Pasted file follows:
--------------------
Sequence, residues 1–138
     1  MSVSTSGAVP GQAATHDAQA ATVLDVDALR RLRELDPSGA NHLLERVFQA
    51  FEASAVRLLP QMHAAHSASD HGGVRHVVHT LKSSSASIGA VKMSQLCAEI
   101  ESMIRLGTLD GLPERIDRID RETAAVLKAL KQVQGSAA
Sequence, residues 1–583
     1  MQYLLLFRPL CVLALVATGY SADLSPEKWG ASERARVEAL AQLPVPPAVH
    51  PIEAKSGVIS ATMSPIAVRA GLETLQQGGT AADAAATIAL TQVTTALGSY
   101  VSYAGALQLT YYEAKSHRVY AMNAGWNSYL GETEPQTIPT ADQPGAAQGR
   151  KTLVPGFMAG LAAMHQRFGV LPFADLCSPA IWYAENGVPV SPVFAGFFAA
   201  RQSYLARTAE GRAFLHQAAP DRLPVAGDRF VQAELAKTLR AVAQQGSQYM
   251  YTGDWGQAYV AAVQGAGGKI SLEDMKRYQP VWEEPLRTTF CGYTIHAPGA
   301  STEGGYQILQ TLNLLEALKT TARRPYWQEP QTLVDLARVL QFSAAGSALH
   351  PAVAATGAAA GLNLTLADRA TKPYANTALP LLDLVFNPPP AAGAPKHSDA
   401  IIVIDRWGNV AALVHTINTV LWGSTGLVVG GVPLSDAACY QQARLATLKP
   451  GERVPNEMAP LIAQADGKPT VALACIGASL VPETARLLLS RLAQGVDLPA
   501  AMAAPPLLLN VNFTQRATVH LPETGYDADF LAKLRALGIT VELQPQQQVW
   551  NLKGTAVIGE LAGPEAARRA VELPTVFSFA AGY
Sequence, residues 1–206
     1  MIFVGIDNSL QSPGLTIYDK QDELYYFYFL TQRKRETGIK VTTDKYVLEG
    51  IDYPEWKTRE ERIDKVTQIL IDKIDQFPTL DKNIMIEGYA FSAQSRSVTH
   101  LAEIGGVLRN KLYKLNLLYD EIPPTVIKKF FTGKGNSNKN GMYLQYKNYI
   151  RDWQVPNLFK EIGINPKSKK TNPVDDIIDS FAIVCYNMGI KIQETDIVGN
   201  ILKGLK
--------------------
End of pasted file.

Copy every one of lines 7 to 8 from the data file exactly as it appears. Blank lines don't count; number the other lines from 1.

    51  PIEAKSGVIS ATMSPIAVRA GLETLQQGGT AADAAATIAL TQVTTALGSY
   101  VSYAGALQLT YYEAKSHRVY AMNAGWNSYL GETEPQTIPT ADQPGAAQGR